There is no difference between Prime Minister Benjamin Netanyahu and the more centrist Israel Resilience party leader Benny Gantz, said Knesset candidate Baruch Marzel of Otzma Yehudit, a far-right party. Marzel, whose party is seen as the most right-wing of those running for the April 9 elections, spoke to The Jerusalem Post's chief political correspondent and analyst Gil Hoffman on his Inside Israel Today podcast on The Land of Israel Network.
"There is no way we will have quiet or peace inside Israel as long as we have here millions of supporters of terror, people that believe in their religion that all of the Land of Israel, including Tel Aviv and Haifa and Beersheba, is theirs, and that we are occupiers and the Jews have no right to a state or can even exist here... The only way to have peace is to get them out of Israel."
Marzel served as parliamentary aide to MK Meir Kahane in the 1980s when the Kach party was elected to the Knesset. Since then he has lived in Hebron. Marzel echoes the words of his mentor who was eventually banned from running for Knesset and later assassinated by an Arab terrorist.
Marzel explained that his party's population-transfer idea should only come about through a decision of the State of Israel and only in a bloodless and non-violent way. Unlike some right-wing elected officials that call for annexation of Jewish population centers in the West Bank regardless of the number of Arabs living there, Marzel feels that the majority of Arabs harbor anti-Israel feelings and would prefer not to incorporate Palestinians as citizens of Israel.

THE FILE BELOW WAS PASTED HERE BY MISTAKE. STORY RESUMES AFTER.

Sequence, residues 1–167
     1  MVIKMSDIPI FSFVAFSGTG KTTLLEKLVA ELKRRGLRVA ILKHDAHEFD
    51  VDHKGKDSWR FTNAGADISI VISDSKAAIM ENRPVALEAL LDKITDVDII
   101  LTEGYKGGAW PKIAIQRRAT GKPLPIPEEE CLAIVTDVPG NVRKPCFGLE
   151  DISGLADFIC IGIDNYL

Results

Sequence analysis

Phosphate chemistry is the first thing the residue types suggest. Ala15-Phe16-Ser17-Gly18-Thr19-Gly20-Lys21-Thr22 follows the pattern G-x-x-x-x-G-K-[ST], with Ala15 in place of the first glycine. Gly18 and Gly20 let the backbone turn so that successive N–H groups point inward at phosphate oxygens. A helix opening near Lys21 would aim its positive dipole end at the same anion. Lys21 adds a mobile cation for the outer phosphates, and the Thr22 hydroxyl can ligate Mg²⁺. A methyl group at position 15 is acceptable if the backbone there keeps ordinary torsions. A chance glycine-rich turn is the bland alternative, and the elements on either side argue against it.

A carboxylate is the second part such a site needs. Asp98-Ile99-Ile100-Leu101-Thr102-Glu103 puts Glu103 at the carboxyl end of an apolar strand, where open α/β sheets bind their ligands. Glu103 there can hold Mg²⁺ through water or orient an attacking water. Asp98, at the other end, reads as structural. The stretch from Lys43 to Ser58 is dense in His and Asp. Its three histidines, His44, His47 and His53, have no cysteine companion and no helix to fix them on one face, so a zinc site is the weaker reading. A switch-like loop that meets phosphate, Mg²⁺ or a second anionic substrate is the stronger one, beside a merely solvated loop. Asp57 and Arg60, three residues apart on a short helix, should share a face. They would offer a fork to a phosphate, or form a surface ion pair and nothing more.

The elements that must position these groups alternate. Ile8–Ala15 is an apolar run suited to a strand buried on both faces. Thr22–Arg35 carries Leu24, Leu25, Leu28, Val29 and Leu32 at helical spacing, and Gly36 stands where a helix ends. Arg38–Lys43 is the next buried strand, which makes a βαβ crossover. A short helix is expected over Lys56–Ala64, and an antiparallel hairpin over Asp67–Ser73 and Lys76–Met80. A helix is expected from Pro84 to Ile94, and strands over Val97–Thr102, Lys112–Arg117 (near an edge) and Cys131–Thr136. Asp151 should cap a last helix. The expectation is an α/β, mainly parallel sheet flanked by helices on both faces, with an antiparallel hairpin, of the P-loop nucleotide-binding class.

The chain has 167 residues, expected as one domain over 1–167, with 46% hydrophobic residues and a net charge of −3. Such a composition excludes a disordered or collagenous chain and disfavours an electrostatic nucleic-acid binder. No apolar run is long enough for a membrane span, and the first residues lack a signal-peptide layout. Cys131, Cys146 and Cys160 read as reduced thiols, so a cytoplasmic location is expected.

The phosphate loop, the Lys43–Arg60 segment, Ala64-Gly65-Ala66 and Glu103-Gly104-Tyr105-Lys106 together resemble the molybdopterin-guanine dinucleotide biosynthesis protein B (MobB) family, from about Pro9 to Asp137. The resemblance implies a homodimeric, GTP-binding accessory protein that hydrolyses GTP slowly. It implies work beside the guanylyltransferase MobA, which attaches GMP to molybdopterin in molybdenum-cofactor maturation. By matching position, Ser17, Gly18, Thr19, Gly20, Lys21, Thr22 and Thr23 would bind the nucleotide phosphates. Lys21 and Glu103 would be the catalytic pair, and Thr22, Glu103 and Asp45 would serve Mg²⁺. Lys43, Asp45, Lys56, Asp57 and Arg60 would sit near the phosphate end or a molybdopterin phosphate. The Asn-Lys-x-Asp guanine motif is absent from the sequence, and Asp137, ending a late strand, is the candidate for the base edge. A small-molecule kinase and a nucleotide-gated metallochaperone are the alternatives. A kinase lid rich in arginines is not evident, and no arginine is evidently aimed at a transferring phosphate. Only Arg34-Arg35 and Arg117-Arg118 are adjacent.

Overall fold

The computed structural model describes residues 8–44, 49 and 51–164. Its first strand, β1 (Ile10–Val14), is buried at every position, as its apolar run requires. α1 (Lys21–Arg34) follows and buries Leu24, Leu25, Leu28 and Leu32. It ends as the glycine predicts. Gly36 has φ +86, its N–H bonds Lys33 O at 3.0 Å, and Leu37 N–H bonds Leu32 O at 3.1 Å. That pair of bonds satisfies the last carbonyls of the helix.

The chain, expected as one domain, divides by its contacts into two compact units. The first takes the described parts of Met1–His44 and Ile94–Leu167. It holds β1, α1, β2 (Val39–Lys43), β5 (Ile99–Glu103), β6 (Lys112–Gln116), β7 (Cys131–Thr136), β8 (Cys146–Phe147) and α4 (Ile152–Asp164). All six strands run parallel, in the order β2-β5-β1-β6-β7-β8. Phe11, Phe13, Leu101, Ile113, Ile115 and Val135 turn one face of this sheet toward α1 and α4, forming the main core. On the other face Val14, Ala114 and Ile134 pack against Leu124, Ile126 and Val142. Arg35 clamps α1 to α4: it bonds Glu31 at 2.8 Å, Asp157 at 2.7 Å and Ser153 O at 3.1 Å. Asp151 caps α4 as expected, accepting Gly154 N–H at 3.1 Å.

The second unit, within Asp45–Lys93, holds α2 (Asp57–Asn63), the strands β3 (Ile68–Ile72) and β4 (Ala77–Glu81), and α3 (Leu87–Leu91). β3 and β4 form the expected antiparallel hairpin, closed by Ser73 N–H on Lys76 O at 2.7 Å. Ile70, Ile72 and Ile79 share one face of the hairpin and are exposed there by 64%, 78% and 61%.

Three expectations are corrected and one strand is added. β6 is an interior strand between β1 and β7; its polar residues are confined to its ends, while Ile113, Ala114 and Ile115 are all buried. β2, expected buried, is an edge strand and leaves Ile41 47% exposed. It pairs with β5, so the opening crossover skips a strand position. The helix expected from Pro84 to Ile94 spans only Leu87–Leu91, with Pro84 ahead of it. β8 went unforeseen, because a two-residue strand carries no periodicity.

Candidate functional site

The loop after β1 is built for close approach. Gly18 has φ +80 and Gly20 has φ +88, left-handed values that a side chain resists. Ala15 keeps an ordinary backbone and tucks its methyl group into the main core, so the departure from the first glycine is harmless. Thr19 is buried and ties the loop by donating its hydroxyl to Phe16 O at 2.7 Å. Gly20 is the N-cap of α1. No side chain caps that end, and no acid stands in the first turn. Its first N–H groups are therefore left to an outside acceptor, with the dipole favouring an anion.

The minority of Arabs, according to Marzel, who have no problem living in a Jewish State, should serve some form of national service in lieu of the army like regular Israeli citizens. "We are fighting our enemies, not all Arabs," he stated.
As far as deporting those that Marzel sees as enemies, Marzel says it will take a lot of money and "we have to use the Jewish brain, with no aggression or force. The ones that want to leave we can help them to leave."
Otzma has been in the news as of late when Netanyahu called for them to join together with other smaller right-wing parties such as the National Union, Bayit Yehudi and the libertarian Zehut, headed by Moshe Feiglin. Marzel said he is open to joining them, noting that in this election, the threshold has been raised - meaning each party will need many more votes than in previous elections to make it into the 120-seat Knesset. Those parties that just miss the threshold, even if they would have been enough in the past for three or four seats, will be seen as "wasted votes."
"Netanyahu isn't my cup of tea and I don't think I'm his cup of tea, but he is one of strongest politicians ever in Israel and he understands without us joining together with other parties he could lose power," Marzel stated.
Marzel's thick Israeli accent belies his place of birth. Born in Boston, Massachusetts, his parents made aliyah when he was a baby. Marzel says he has a warm place in his heart for immigrants and called for increased government support for their integration. When Hoffman questioned, "even the left wing Jews?" Marzel replied, "every Jew - Orthodox, Reform, secular - any Jew that comes here is a blessing to the country. We want all Jews from all over the world to be a part of the amazing story here. It's part of the redemption of the Jewish people. Play the game, don't just watch it on television."
Hoffman's Meet the Candidates series, in conjunction with the Post, has profiled a wide mix running the gamut, from Meretz party candidate Mehereta Baruch-Ron, who was born in Ethiopian and currently serves as deputy mayor of Tel Aviv, to Tehila Friedman of Yesh Atid, to Likud's Uzi Dayan, a former deputy IDF chief of staff.
Inside Israel Today is recorded every Tuesday in partnership with The Land of Israel Network and The Jerusalem Post.